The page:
From Final Fantasy X onward the series has had other composers as Uematsu eventually left Square to go freelance, though he has continued to compose music for the series for as recent as the original Final Fantasy XIV. The soundtrack for Final Fantasy X was a joint effort between Uematsu, Masashi Hamauzu, and Junya Nakano, the music for Final Fantasy XII was mainly composed by Hitoshi Sakimoto, Masashi Hamauzu did the soundtrack for Final Fantasy XIII, and Yoko Shimomura—who had previously composed the music for Square Enix's Kingdom Hearts series—composed the music for Final Fantasy XV.
Up special Default Rush Coil 0% Mega Man briefly summons his robotic dog companion Rush. A second bounce will make Mega Man jump even higher than the first bounce. Other players will also be able to bounce on Rush, even if he is in the air. Mega Man is unable to summon Rush again until he lands, or is hit by an attack after using it. The move is based on the Rush Coil from Mega Man 3.
Mega Man X received criticism from some publications as well. Ed Semrad, Danyon Carpenter, and Al Manuel of the EGM review panel all noted that the game may have too low a difficulty level; Semrad disliked the introductory stage and felt that the game was too short as well.[23] Super Play editor Zy Nicholson lowered his review score of the game because he found the levels were neither large nor challenging. "A few elementary tricks like repeating easy sections to recoup energy and weapon power will see you through the harder bits," Nicholson explained. "Within the level you'll also find restart points, extra lives, and no harsh time limit to put pressure on your performance. Couple this with a password system that records your level completion, status and weapon accumulation and you'll see we're not looking at a lasting challenge for the experienced player."[25] Nintendo Power criticized how little the game had changed stating that "the theme remains the same as the Game Boy and NES Mega Man titles."[20] The game's title initially proved a source of some confusion; the gaming media reported that many gamers mistook the "X" for the roman numeral 10.[29]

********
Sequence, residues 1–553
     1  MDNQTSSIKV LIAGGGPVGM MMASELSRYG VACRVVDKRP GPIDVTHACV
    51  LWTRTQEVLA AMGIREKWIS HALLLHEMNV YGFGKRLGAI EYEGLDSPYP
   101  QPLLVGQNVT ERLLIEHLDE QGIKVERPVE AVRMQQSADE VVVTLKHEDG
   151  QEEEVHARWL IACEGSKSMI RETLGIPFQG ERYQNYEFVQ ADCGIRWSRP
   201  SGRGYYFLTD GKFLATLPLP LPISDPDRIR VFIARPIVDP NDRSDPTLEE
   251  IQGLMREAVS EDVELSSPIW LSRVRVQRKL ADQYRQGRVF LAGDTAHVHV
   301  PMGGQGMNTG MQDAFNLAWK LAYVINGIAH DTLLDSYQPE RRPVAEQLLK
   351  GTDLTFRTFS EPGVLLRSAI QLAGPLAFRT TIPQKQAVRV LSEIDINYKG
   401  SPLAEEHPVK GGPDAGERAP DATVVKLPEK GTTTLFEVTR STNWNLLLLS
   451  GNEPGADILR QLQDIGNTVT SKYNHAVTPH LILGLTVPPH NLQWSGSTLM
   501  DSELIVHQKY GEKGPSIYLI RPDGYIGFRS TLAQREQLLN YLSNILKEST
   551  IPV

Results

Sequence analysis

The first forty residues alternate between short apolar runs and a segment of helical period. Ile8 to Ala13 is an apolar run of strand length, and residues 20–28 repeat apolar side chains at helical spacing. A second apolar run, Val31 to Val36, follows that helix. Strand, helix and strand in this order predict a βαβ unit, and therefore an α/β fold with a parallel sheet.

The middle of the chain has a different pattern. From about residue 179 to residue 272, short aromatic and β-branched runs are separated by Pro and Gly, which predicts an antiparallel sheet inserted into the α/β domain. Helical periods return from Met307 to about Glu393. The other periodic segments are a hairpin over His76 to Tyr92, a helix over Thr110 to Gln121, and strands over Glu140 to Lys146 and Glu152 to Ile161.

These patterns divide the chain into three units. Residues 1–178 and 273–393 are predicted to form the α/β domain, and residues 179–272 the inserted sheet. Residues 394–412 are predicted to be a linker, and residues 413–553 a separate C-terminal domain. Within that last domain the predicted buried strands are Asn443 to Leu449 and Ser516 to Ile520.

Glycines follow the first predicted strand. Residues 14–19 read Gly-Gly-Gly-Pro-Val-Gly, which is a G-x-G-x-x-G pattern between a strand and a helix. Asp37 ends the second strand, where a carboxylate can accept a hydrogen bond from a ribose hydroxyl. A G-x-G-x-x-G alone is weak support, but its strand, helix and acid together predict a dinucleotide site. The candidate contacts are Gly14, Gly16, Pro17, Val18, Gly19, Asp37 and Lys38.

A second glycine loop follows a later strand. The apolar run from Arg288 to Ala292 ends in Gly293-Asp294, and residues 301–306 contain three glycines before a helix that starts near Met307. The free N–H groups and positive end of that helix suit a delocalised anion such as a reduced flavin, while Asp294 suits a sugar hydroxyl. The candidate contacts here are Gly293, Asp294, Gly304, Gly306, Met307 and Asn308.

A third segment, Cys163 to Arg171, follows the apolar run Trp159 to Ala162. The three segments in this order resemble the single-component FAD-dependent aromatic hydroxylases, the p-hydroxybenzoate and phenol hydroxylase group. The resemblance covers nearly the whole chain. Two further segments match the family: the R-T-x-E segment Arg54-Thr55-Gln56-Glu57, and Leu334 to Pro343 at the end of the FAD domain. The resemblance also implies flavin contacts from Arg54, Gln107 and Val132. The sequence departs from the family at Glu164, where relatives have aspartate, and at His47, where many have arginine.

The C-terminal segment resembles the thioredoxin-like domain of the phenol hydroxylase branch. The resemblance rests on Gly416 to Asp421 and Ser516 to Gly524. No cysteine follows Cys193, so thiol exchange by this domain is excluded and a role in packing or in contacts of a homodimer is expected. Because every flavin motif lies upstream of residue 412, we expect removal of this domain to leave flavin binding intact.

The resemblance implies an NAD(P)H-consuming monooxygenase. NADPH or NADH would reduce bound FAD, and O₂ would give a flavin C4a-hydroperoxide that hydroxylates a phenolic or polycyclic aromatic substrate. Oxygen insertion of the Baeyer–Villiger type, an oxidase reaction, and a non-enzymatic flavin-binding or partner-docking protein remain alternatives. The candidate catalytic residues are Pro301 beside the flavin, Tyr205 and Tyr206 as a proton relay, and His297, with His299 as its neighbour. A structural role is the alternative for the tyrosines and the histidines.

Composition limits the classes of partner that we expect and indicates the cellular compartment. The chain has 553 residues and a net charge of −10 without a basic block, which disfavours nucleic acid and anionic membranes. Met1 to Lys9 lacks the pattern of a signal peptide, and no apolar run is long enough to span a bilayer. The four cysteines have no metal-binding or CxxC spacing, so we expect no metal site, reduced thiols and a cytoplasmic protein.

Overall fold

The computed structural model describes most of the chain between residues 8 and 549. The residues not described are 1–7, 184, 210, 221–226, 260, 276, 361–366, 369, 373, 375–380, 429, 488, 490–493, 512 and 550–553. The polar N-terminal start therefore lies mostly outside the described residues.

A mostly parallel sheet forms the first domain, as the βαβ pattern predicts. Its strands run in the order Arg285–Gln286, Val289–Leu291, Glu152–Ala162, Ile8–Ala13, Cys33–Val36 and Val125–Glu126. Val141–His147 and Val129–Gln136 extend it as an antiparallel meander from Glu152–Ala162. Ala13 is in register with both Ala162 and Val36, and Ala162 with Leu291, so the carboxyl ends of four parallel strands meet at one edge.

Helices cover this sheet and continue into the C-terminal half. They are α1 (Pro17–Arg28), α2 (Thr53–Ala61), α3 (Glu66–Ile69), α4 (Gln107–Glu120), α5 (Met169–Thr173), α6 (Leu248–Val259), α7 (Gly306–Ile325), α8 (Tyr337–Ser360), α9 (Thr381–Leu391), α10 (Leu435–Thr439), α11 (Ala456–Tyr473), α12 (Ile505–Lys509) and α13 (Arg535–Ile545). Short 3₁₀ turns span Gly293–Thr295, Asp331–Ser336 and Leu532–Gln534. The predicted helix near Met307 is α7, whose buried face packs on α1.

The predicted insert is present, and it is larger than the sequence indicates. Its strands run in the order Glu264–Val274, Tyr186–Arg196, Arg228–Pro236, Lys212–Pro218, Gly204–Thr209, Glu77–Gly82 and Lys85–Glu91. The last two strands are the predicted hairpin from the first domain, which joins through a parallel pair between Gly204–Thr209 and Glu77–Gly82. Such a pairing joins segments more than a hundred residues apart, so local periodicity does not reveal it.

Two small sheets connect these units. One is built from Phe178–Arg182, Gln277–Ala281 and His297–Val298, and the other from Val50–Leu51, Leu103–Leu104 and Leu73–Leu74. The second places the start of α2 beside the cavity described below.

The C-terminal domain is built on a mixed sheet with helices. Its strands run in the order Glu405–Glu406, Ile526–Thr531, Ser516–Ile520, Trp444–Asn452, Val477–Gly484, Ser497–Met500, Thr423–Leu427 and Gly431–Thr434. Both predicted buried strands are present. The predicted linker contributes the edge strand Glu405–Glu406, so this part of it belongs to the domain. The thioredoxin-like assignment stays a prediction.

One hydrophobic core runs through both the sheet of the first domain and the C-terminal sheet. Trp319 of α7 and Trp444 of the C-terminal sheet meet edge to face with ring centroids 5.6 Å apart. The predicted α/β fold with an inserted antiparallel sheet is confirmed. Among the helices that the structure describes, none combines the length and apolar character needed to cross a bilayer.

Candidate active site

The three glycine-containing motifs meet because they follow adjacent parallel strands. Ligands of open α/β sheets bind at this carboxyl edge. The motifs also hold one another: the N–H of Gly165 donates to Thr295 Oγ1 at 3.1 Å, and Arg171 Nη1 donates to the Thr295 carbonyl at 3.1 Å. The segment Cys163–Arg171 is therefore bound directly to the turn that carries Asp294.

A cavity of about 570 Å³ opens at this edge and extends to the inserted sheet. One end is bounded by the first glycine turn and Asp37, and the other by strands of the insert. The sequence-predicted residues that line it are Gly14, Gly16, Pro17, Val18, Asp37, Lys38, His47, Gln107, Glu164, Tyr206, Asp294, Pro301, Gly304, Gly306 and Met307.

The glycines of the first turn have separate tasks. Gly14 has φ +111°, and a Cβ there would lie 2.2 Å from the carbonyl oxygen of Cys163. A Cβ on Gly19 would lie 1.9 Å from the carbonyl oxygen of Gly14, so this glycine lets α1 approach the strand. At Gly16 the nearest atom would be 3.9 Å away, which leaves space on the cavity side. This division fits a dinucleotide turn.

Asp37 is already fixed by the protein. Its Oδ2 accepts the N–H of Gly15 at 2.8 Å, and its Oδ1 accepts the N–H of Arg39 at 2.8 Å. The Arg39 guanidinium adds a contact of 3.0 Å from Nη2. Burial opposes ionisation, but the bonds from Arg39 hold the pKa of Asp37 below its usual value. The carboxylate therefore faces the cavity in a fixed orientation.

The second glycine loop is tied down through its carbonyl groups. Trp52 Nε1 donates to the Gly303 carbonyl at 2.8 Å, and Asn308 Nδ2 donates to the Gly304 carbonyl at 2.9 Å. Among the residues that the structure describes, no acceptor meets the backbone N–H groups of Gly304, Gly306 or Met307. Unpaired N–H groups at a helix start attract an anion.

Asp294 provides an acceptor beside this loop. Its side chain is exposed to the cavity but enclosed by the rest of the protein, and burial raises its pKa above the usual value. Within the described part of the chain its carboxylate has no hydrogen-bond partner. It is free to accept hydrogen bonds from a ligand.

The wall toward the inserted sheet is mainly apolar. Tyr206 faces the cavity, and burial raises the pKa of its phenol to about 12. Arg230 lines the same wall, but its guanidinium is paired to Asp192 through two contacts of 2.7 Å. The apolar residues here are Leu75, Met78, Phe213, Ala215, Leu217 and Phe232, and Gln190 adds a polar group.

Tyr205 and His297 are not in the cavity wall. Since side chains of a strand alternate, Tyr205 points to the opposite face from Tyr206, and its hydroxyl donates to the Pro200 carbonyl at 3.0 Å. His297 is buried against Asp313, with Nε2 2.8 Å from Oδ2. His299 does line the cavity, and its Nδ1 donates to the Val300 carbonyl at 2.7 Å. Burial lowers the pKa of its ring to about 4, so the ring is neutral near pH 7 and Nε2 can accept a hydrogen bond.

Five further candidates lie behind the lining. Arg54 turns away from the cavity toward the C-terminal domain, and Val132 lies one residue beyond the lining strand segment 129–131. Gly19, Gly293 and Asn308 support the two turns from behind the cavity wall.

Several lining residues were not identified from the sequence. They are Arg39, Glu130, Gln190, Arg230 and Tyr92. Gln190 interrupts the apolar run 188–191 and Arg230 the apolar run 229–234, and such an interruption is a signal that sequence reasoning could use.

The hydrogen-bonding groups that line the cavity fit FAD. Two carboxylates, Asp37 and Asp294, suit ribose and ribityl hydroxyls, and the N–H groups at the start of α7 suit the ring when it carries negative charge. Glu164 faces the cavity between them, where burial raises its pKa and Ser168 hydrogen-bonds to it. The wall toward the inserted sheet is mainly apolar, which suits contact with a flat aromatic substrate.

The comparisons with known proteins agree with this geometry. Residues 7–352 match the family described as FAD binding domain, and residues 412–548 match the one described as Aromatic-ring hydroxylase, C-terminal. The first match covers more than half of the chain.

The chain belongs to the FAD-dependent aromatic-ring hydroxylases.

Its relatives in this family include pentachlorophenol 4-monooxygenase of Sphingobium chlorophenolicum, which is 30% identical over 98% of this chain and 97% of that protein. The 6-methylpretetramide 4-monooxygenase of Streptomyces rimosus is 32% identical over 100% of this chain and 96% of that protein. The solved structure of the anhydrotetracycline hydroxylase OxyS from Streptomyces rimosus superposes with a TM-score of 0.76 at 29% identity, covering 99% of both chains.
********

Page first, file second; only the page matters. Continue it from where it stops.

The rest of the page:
Titles in the series have generally received praise for their storylines, characters, settings, music, battle elements and graphics.[43][44][25] Many other aspects in particular have received praise, such as the job system, a series staple,[45][46] with GameSpot stating it is "hard to say enough good things" about it, referring to the the "exciting variety" it offers to the gameplay.[47] Another popular feature is the self-referential nature of many of the games and inclusions of allusions to previous games, with recurring features such as chocobos, moogles and Gilgamesh among others, being well received as nods to make fans feel at home.[48][49][50] The series has also been praised for its gameplay variety and innovation between installments to prevent the gameplay from going stale.[51][52][53]